PAKISTAN 8000ERS 2022
Pakistan 2022 was something else. To call this phase of my project hard is an understatement, for many reasons, which hopefully I will explain in this update.
It began pretty much straight after my last summit in spring which was Makalu. I had a few days to rest and get my Pakistan visa, which was of course a nightmare as per usual. You really have to apply 3 months in advance to have a chance of receiving it on time, I did it a week before our expeditions where to start! Honestly I don't know how much convincing it took to get the visa approved but we were on the phone every day to the embassy. Once that was out the way we set of for Nanga Parbat.
Nanga Parbat region is an interesting place to say the least... for example you cannot sleep in a tent without a security guard on the trek into basecamp because of the security alerts. In 2013 there was a terrorist attack at Basecamp which killed 11 people. I will admit I was terrified of this place. Now its changed a lot but everything is so unpredictable.
Arriving to Basecamp was terrible, we had constant rain and snow the whole way, all our clothes were soaked through and there was definitely no waiting around for a nicer day. Me and Gelje were quite late to Basecamp, because of my Visa and so all our team was already there and they were a great bunch, a lot of serious climbers for sure, but all in all we had a laugh. There were a few robberies and tense moments, like when we got greeted by men with huge guns who then proceeded to shoot into the air, as a sort of welcome greeting, strange and scary.
I knew Nanga Parbat was going to be hard, I heard the stories of the Kinshofer wall, I knew it was a longer summit day but the reality was that this was 100x harder than I could've ever imagined.
We did one rotation to camp 2 which is where I first came face to face with the dreaded wall. Its an intimidating place. A 200m vertical rock wall with pretty much nowhere to place your hands and feet, especially the last ten metres which is just a slab of rock smoother than a babies ass. This part at the end required a bit of assistance thank to the Italian team.
I cried at camp 2, 'how was I gonna do that again'.
Summit push! We went directly from BC to camp 2 in one day (11 hours), it was seriously mentally fatiguing and not to mention by achilles were killing me from the constant pressure on the calves. The problem with Nanga is it is literally vertical all the way and there was no snow, minimal snow and every step therefore was onto ice. We then went on upwards to camp 3 where we rested around 6 hour before heading out for summit push on our own, just me and Gelje.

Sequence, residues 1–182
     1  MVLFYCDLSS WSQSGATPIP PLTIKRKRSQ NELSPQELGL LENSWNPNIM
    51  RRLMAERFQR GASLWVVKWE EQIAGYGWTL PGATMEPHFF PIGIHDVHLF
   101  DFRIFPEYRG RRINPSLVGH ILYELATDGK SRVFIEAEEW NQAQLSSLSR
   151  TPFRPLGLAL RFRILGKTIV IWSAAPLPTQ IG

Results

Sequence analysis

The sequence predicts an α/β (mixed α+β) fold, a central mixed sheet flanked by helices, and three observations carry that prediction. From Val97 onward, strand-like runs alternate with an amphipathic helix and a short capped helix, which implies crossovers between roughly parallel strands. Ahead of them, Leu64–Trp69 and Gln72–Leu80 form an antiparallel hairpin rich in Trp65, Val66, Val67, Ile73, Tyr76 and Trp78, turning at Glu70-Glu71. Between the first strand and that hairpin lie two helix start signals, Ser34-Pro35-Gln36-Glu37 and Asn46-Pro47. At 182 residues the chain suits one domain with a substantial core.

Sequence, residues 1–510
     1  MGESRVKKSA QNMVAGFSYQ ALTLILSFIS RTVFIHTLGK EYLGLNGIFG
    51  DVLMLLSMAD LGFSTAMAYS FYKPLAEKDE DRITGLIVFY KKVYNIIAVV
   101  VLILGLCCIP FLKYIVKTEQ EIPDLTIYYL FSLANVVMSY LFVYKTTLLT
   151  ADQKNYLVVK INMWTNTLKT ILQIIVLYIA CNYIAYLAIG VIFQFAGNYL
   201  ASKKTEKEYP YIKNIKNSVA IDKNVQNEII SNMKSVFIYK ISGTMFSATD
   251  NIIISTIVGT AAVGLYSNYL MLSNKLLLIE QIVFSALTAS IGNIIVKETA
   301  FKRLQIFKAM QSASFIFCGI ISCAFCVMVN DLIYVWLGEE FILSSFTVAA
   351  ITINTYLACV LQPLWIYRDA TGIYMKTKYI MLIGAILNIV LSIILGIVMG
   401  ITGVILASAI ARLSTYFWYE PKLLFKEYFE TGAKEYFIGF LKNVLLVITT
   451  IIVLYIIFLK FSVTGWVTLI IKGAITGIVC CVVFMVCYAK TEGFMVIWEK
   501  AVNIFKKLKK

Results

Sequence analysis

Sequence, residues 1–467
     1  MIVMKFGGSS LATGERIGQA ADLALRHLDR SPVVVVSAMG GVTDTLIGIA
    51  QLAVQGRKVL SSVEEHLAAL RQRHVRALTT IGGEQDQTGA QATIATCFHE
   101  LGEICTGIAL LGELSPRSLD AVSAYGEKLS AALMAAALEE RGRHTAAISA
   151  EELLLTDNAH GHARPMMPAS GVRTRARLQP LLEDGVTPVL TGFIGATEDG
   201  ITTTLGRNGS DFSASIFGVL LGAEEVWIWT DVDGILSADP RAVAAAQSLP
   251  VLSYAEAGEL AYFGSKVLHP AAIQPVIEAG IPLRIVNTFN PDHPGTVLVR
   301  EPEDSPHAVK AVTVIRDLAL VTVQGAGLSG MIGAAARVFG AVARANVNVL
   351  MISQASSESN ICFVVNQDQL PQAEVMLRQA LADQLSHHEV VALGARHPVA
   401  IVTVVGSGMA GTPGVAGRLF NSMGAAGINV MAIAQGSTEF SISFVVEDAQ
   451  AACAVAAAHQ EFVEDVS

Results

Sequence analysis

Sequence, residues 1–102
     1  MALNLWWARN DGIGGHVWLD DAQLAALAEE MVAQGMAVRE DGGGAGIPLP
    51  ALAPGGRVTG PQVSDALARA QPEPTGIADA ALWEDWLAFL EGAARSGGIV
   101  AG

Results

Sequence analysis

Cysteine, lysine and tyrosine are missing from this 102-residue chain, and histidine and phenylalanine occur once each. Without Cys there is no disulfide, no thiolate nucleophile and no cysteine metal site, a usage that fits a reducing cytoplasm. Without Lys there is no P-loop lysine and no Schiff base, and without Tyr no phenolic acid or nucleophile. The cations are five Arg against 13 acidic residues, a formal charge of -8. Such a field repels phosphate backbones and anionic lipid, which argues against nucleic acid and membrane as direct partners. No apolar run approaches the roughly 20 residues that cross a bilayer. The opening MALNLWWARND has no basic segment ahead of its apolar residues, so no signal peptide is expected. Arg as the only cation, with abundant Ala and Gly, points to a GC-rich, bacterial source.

Summit push, the ascent anyway, was not too bad, in fact I was pleasantly surprised... The way down however was a different story. Since there were no fixed lines from summit to camp 3, the first 300m descent from the top was extremely dangerous. By this point we had caught up with two other climbers who weren't using any method of fixing but rather just holding onto a rope between the two. Gelje and I were not okay with this so Gelje created a system where he would sit on an ice axe which was used as an anchor and everyone was descend on that rope, however then Gelje would have to come down without any anchor as he was the last. It was risky but had to be done.
Getting down to BC was also incredibly risky, for the first time in my life I actually thought this could be the end. It was pitch black, our headlamps were out of battery and the whole face from camp 2 to BC was a river. The fixing team had decided to fix the lines in the middle of the face instead of the rocky edges and so every anchor was coming out. On top of that, the rock and ice fall from the Kinshofer wall was insane. There wasn't ever a moment where there wasn't a rock hurtling down, the reality was that if it hit you, you were dead. It was a game of Russian roulette with our lives.
Once we got back to BC, luckily in one piece, we left the next day to continue our journey in Pakistan, next was Broad Peak.
In Pakistan there is an added task which is the treks! Helicopters aren't an option in Pakistan and so we had to trek from to and from N.P, then to K2 BC and then out of K2 BC which overall is almost 250km extra of walking on top of 3 8000ers. We arrived at K2 BC pretty exhausted. K2 and Broad Peak are only an hour walk apart and so we decided to base ourselves at K2 instead of moving our belongings back and forth. So after a couple of days we set of for Broad Peak summit push, we decided to go straight to camp 2, which wasn't to difficult, but the conditions on all the moments where so dry this year, so most of the mountains are just full of rivers and very slippery snow. Camp 2 then to camp 3 and again another few hours of rest before summit push. Those few hours are always so strange, you know you have around 6 or so hours to rest which is not enough time to sleep but also a long time to stay awake in tent, so what to do? Usually I eat as much as possible and attempt to go to the toilet at some point before it gets too cold, 9/10 times failing.
Before we began our summit push that night one British climber fell to his death from the Rocky summit and landed around 50m from Camp 3, the mood was quite unsettling.
We pushed through the tragic news and reached summit around 6am the next morning where I was able to Facetime my parents with the new 4g system and enjoy some pretty spectacular views of K2.
Once we arrived back to K2 BC we had a couple of days to wash clothes and prepare for K2! Something has always drawn me to this mountain more than any other - I guess its a combination of experiencing K2 in Winter and just the beauty of this immense thing. I was excited, nervous but most of all very tired. K2 for me was probably the easier of the three summits in Pakistan because its a quick mountain, you're going up vertically the whole way and so there are no long traverses or winding paths.